a cue

Posted: November 20th, 2010 | Filed under: God | Tags: | 7 Comments »

One of my favorite verses has God caring for a vineyard and never leaving it. He’s capable of destroying anyone who messes with it, even itching to have someone oppose the vineyard so He can burn them up. No sooner does the thought play itself out that He wishes for them, the opposition, to make peace so He can care for them, too.

His love outweighs His desire to destroy.

Take a cue. You may have the ability to crush someone, but that’s not strength. Strength pushes past the details to find a way to see the diversity of the big picture.

You know you’re in the presence of God when you feel small in your ‘rightness’ and embarrassed to have been so bold in your finger pointing. His correction is gentle and the nudge to make amends is undeniable. Freedom is found in submission, not in the public recognition of self-importance.

We are all His vineyard. How can you be cared for, when He has to fight you for fighting someone else? Stop looking at the person next to you, as though it’s your place to correct them. You’re a branch, love is your fruit, not people. If someone falls, they fall to their Master. You’re not their Master. You’re their brother or sister. Help them up.

“A pleasant vineyard, sing of it! I, the LORD, am its keeper; every moment I water it. Lest anyone punish it, I keep it night and day; I have no wrath. Would that I had thorns and briers to battle! I would march against them, I would burn them up together. Or let them lay hold of my protection, let them make peace with me, let them make peace with me.” -Isaiah 27:2-5 ESV



7 Comments on “a cue”

  1. 1 Kaira said at 10:02 am on November 20th, 2010:

    I have been both deeply convicted and healed through your book and these posts you write. I so appreciate your ministry.

    Today, after reading this post, I wrote a letter to start healing the shattered relationship between myself and my Dad and his wife. It's been a very difficult few years but I've withheld forgiveness because I wanted them to care enough to "see". I'm going to, by the grace of God, fix this broken mess and your words have been His whisper.

    And I thank you.

  2. 2 Serena Woods said at 10:37 am on November 20th, 2010:

    Kaira, That's so cool to hear! I think that, no matter what happens, you feel the release of some weight. You'll know that it's not you anymore…

    Thanks for telling me. 🙂


  3. 3 Genevieve Thul @ Tur said at 12:04 pm on November 20th, 2010:

    I struggle with this in my current situation. I was accused of a sin that I don't feel convicted of, and basically the difference between how my husband and I see the situation and how our pastors saw it led to a huge rift between us. We were dealt with sans grace – removed from leadership, yelled at, publicly humiliated, spoken about negatively to our closest friends. How do WE show grace in this situation? Our choice, finally, was to walk away silently without addressing the many huge issues we saw expressed in the church leadership during our final months at our church. It is so confusing. I pray for healing and grace, that through prayer GRACE is what flows out of me instead of pain and disappointment and anger.

  4. 4 Serena Woods said at 7:42 pm on November 22nd, 2010:


    The best advice I can give, especially in such a heartbreaking situation as yours, is to think of the times (unrelated) you know you were wrong. Recall the times when you so desperately needed undeserved/unearned grace. That may help you in your desire to offer it to others. I know, in my own life, that I could use the failures of others as a balm to my wounded soul, but that would be at their expense. It's a balm completely independent of the salve that Jesus earned on a splintering cross. If we try to settle accounts outside of that truth, we will always alienate ourselves from the very thing that holds us together.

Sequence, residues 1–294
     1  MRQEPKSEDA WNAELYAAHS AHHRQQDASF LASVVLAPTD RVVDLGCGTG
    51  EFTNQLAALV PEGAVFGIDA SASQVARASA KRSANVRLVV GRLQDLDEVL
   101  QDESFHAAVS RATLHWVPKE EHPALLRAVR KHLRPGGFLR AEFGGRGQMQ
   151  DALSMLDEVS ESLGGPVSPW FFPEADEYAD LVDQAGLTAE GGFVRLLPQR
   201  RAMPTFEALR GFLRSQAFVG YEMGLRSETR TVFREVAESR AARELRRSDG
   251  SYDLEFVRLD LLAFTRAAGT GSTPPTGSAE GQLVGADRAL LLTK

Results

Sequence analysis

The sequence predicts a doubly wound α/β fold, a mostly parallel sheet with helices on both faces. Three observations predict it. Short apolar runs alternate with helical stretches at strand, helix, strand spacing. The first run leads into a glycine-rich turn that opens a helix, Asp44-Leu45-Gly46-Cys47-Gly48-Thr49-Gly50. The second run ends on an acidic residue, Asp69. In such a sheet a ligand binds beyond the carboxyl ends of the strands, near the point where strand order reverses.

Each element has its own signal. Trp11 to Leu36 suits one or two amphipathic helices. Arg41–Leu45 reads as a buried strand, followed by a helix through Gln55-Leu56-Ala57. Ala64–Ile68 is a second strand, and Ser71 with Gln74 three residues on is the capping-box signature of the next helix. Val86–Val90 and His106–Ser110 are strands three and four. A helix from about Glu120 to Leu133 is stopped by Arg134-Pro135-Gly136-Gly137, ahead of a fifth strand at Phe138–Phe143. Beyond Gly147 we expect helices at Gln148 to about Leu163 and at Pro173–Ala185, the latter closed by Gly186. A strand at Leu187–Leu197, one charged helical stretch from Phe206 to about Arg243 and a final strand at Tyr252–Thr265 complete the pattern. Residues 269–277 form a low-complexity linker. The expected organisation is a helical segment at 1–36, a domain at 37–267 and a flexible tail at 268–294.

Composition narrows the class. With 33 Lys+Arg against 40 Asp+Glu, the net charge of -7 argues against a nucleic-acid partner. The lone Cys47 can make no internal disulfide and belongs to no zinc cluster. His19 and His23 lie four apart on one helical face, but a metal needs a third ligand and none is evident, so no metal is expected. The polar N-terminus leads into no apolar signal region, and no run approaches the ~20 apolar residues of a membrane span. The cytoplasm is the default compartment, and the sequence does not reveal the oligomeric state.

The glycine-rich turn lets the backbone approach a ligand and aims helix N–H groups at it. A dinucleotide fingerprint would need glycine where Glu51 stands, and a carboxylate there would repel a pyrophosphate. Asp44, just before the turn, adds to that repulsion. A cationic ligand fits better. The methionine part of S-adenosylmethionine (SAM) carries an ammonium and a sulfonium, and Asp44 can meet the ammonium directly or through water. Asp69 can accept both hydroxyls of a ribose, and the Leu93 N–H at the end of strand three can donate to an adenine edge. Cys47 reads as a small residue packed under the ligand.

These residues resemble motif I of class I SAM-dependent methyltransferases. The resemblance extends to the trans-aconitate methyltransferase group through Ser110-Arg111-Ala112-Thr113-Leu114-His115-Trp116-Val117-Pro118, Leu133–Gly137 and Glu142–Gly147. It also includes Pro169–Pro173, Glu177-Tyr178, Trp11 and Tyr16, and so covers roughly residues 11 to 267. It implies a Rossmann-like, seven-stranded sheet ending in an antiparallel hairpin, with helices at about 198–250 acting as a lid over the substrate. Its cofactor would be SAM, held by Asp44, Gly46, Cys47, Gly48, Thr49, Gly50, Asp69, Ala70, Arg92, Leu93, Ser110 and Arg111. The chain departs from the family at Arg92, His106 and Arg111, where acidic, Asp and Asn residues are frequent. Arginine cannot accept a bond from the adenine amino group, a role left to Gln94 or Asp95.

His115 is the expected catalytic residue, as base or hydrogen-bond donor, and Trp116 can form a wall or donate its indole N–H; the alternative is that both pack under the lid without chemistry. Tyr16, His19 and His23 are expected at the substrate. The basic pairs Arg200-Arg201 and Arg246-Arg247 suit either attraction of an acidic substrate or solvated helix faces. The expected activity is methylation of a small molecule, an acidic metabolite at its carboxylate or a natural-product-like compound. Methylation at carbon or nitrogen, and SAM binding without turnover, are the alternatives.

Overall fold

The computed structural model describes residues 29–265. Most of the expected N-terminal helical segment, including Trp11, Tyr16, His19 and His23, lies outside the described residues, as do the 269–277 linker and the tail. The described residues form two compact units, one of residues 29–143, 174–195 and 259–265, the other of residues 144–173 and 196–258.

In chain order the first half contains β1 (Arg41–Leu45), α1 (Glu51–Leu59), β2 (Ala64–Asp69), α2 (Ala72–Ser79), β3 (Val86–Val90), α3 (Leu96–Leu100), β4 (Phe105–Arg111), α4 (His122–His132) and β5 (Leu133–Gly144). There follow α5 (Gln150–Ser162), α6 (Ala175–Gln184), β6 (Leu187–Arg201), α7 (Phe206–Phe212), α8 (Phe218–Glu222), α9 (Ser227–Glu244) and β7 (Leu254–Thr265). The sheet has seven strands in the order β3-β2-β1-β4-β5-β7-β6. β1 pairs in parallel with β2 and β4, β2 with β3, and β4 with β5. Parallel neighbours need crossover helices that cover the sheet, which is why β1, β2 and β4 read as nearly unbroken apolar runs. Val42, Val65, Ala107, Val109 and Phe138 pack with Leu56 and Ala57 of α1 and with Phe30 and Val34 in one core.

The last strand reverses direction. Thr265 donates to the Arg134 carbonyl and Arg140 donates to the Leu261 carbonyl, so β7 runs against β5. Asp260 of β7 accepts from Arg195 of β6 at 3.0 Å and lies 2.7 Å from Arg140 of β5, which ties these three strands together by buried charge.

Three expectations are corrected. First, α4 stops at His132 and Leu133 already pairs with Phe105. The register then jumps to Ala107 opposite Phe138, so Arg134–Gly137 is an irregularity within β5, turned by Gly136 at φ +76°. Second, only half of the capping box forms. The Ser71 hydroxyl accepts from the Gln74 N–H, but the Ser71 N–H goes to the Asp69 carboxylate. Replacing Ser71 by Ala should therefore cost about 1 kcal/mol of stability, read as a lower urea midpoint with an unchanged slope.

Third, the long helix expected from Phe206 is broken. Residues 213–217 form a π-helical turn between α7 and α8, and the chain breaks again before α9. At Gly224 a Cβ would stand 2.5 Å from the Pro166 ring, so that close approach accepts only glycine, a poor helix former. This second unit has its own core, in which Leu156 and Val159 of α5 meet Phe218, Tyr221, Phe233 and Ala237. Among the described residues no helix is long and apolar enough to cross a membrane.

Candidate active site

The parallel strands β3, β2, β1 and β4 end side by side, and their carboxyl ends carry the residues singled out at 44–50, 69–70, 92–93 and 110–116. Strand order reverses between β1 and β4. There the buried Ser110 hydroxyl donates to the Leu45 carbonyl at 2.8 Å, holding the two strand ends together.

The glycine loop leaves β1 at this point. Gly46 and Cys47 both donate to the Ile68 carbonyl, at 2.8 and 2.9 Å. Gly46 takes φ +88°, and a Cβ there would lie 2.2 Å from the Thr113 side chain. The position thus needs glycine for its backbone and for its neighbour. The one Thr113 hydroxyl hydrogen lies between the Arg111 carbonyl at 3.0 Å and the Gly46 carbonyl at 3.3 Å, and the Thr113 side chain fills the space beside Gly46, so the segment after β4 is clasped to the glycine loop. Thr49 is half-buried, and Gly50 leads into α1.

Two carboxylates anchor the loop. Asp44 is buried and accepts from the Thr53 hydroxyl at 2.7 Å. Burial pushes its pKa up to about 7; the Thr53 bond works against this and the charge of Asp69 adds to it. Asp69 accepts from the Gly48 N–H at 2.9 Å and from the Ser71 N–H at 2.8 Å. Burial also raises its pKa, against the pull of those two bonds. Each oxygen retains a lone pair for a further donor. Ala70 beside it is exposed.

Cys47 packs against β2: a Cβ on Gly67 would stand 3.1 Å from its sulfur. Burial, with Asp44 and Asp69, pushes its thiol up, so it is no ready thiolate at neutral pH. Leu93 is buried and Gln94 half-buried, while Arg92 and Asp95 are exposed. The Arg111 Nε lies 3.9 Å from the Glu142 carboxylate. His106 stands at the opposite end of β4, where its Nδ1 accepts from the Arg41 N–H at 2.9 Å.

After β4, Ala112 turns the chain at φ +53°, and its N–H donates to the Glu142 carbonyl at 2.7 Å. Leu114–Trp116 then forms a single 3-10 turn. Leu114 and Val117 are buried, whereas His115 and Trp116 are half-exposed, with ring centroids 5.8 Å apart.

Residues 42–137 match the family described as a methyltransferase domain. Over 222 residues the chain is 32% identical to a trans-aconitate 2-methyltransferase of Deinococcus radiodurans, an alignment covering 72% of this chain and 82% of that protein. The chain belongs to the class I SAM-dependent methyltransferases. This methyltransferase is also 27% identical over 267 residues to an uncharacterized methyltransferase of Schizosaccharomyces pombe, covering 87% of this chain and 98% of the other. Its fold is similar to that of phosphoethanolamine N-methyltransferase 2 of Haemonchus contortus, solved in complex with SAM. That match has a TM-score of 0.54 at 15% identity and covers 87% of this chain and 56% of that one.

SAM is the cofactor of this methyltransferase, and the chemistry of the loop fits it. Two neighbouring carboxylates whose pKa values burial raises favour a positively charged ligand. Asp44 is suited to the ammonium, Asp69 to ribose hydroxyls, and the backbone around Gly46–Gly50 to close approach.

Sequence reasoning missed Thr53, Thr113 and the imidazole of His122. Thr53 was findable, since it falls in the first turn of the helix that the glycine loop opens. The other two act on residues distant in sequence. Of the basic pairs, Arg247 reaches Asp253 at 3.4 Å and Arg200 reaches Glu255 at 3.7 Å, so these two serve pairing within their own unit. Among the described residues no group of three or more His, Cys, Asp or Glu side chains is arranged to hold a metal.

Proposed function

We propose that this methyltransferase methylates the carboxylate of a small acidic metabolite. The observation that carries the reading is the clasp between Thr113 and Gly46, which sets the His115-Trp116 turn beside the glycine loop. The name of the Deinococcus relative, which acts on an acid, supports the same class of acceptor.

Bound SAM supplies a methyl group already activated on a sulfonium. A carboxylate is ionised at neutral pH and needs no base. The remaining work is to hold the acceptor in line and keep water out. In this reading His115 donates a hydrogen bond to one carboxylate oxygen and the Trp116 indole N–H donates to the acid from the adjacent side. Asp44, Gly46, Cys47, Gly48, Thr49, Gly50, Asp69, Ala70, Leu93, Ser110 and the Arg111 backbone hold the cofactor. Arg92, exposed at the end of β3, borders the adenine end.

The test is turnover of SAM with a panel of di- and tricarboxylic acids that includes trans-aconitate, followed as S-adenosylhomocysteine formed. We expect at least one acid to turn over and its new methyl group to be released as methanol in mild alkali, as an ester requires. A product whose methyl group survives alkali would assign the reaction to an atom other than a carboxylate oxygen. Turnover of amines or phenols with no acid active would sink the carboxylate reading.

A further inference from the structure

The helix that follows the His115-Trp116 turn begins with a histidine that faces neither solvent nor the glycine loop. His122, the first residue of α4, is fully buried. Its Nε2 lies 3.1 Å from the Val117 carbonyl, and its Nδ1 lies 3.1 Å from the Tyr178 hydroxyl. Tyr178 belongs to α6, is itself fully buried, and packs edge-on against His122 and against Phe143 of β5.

What looks as though is turned against you will be the very thing that teaches you about salvation. Don't focus on sin to try to gain knowledge. Grace bread wisdom is the only thing worth knowing.

    Release them. Just as you were released. Not because they're right, but because Jesus is real.



  5. 5 @gmthul said at 9:36 am on March 29th, 2012:

    Serena, I just read this comment now – 6 months later. Thank you for your powerful, truth-filled words. I especially love that last line "Release them. Just as you were released. Not because they're right, but because Jesus is real". If we just followed this with every interaction – saw through a because-Jesus-is-real lens at all time – what might the world be like? Even if a few of us strive to do this daily, hourly?

    Thank you so much.
    My recent post Loud yellow

  6. 6 Genevieve Thul @ Tur said at 1:07 pm on November 20th, 2010:

    I was accused of a sin I didn't feel convicted of. Our pastors felt very differently about the situation than my husband and I. There was little grace in how we were treated: spoken about behind our backs, friendships broken, removed from leadership positions, and yelled at and told we would never again do anything for Christ, that Satan had a hold over our lives. It was painful. I struggle now how to flow grace from my lips instead of fear, pain, and anger. This post has my mental wheels definitely spinning.

  7. 7 Heather said at 7:07 pm on November 21st, 2010:

    I have read this now a few times. I think I need to read it again. I have been off base, in my heart. A wrong perspective and outlook. I am humbled and grateful again.

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